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19 July 2019

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ambrit

Sir;
Isn't the "wild card" here the Israelis?
I can imagine an Iranian government, or perhaps the IRGC in a 'bitter ender' phase targeting Israel proper before they collapse. As the fate of Gerald Ball indicates, the Israelis are understandably paranoid about their regional competitors.

Christian Chuba

Iranian grain ships stuck in Brazil due to U.S. sanctions
https://uk.reuters.com/article/uk-brazil-iran-sanctions/iran-grain-ships-stuck-in-brazil-without-fuel-due-to-u-s-sanctions-idUKKCN1UD2QM

We are now engaging in cartoon villainy in terms of trying to squeeze Iran into a tiny box. Iran cannot transact in dollars so they are reduced to bartering with Brazil for corn. Oops, even their urea export is sanctioned but that doesn't matter because we won't let Brazil sell them fuel oil to ship corn back to their home port. This is flat out evil.

Jim Ticehurst

I wondering if the former Iran President Mahmoud Ahmadinejah ...2005 to 2013 and His "Apocalyptic Shiites" were put in the background...with disinformation about His falling out of Favor....So Iran could play strategic games with the P5+1 agreement IN 2015 especially with President Obama..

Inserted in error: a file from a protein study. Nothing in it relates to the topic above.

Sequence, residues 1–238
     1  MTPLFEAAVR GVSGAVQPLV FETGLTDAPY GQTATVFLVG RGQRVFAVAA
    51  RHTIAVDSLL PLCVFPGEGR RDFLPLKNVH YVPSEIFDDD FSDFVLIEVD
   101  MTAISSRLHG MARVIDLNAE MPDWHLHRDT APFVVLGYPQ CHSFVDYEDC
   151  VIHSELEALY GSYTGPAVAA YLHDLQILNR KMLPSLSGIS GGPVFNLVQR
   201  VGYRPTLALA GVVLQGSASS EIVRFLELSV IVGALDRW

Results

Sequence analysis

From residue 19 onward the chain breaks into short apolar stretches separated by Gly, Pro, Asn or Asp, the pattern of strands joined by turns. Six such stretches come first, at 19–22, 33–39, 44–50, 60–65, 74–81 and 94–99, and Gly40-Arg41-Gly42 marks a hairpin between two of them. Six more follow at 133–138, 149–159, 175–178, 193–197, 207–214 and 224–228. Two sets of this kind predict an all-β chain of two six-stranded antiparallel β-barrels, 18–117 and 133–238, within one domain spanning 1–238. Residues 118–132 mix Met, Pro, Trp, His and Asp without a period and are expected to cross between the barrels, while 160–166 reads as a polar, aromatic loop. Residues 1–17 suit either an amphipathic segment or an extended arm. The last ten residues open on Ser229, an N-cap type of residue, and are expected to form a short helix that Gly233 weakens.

SysATI

Eric Newhill

"But Iran still loses. Each hit the US Navy takes, strengthens the resolve to crush Iran that much harder."

Cm'on man... wake up and open your eyes...

The US hasn't won any war since... Eternity...
Do I have to remind you what happens in Afghanistan, in Irak or more recently in Syria ?

Well Iran is FIVE times bigger than Syria and is not a divided multicultural/multi-religious country. Do you think that anything you do could change the fact that those 80 something millions people will survive and will ALL be behind their leaders whoever he might be ?

If I was Iranian and even if the leader of the country was Adolf Hitler or some fanatic religious Abu Satanist al Muslim, I would still be behind him if my country was attacked by some foreign bully. My guess is that 99% of the Iranians think the same way....

Forget about allies like Hamas, Hezbollah or Houtis or even China and Russia.
Iran exists since 7000 BC and you really think that the new kid in the block with a couple hundred years of existence would be able to take it out ?
Given your history of military victories ???!!! Don't make me laugh...